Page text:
2. Should you run a marathon before doing an Ironman?
The demands of a standalone marathon bears little resemblance to a marathon following a 2.4-mile swim and 112 miles on the bike—the only similarity is distance covered. I always urge athletes to consider triathlon as one sport, not three individual sports. You have to train to be a triathlete, not a swimmer, cyclist and runner. (If there were a single component of Ironman I would encourage athletes to do, it would be plenty of open-water swimming. Most neglect open-water training, then show up on race day anxious about the swim.)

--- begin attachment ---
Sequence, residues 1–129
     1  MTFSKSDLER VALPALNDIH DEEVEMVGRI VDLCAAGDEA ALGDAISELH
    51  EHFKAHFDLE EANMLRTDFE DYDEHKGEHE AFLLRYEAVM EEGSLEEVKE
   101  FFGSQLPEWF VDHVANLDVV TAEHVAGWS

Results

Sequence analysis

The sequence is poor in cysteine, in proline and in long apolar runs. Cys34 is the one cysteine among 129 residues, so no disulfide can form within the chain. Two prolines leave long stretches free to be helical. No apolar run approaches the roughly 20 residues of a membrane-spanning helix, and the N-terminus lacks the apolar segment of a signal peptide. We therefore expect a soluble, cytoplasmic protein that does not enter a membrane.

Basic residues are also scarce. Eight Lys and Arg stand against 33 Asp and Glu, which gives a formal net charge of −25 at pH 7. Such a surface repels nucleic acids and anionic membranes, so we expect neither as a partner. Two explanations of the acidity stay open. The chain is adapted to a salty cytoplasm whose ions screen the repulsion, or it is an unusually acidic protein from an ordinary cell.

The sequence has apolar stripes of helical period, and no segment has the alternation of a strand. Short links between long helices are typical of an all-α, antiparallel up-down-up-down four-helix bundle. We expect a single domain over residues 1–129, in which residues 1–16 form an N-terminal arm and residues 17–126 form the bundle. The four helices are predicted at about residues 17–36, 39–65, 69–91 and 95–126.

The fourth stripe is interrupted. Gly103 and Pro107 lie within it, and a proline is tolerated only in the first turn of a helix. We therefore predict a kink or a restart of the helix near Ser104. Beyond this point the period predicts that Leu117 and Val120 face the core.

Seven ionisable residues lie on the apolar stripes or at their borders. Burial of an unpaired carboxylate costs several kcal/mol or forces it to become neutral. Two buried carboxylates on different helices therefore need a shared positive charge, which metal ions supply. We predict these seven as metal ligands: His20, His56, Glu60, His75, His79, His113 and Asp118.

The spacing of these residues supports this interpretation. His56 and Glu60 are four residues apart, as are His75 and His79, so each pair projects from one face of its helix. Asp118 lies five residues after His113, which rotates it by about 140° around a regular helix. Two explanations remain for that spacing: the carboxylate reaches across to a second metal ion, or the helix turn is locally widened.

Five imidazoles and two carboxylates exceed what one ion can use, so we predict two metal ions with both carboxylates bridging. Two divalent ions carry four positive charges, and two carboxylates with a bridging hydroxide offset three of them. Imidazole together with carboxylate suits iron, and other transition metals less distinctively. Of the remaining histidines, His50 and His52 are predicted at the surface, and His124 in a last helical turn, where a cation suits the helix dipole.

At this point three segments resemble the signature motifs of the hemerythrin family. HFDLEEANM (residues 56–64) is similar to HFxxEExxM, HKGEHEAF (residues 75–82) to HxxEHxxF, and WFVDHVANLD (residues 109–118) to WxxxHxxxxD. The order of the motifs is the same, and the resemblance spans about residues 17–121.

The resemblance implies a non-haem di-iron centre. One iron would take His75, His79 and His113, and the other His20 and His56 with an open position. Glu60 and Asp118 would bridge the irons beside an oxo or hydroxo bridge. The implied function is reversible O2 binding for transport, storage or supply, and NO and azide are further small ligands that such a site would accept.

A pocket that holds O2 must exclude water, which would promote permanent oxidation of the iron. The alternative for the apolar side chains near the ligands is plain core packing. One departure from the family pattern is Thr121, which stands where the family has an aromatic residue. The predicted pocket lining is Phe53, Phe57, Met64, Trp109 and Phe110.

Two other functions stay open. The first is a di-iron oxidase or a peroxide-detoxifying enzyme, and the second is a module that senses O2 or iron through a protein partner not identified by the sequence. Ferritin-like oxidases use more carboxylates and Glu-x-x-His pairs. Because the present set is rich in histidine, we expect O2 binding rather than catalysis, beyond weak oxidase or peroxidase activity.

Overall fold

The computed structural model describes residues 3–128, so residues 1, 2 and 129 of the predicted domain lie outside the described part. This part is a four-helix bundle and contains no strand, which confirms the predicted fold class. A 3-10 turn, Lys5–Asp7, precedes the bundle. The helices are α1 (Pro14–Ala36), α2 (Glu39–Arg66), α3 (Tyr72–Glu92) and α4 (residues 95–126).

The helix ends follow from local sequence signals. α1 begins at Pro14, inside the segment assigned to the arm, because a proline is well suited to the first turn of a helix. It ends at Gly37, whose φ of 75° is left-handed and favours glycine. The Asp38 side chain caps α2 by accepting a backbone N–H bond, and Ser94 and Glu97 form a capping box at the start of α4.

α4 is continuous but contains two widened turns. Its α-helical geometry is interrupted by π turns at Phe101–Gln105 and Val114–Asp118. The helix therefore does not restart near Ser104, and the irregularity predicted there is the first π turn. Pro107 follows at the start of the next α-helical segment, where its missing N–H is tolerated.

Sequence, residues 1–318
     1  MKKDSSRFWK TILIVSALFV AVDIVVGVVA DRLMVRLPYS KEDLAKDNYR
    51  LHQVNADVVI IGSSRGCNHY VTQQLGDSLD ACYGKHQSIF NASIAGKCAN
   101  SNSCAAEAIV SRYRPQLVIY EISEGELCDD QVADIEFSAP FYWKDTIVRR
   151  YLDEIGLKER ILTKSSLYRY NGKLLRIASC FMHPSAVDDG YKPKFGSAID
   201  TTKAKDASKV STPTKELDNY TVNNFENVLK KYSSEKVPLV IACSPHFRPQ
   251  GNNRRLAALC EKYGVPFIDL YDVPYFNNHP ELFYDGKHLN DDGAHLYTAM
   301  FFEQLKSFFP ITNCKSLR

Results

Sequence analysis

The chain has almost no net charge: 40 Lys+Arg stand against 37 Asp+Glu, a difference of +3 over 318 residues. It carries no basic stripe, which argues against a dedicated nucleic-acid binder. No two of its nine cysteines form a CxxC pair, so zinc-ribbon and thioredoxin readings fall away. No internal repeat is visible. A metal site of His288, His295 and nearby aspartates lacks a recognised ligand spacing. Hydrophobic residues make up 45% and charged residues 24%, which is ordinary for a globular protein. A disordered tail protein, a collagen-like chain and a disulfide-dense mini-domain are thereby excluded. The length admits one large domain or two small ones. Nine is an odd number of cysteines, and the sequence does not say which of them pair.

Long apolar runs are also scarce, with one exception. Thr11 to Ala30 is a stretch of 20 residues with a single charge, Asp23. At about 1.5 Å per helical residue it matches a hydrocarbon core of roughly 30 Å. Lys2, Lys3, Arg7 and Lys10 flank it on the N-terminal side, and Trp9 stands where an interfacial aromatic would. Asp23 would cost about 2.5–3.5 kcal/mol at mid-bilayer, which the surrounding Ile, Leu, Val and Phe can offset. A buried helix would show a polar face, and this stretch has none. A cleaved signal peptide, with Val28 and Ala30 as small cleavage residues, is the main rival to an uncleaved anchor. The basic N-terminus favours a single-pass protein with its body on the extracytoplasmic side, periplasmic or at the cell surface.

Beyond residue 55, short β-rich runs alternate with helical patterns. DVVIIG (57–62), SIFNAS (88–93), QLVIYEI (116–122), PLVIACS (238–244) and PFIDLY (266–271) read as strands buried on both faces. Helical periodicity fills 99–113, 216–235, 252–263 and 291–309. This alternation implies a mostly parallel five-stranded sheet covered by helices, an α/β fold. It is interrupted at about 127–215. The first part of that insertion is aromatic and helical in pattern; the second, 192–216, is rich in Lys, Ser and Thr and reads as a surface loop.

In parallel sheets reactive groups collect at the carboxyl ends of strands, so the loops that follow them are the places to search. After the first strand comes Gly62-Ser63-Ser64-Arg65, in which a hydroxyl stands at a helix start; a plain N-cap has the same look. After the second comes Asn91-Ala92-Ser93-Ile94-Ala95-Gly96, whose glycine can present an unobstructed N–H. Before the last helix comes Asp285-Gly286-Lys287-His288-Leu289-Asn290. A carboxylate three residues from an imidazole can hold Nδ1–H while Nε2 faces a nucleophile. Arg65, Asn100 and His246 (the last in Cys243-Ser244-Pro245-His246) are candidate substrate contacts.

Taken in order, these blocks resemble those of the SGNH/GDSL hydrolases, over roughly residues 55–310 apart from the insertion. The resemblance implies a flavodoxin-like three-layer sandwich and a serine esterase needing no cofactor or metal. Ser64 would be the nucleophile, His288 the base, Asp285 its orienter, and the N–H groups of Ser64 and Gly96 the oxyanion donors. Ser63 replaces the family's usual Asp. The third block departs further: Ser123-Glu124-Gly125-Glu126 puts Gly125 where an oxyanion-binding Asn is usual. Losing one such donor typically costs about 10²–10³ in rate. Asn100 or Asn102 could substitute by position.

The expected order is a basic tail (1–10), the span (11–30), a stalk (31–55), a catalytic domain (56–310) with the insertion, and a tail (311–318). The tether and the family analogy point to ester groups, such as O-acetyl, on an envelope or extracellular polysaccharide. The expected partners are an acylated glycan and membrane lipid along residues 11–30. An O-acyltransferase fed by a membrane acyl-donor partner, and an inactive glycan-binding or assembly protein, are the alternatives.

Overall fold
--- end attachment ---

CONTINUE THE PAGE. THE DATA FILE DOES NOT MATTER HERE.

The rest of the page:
A great reason to avoid a marathon is the extensive specific training that it requires to truly prepare for an effective 26.2 miles, coupled with the recovery needed to restore full health. It is simply not a wise use of your training preparation. Fear drives people to include a marathon, knowing that they “can do it,” but to truly establish increased confidence in your preparation you need to have a structured and progressive training plan. The only time you might want to add a marathon is at the end of a season, when you can specifically train for it, but this is for people who really wish to compete in a standalone marathon. Don’t expect it to translate to improved Ironman marathon performance.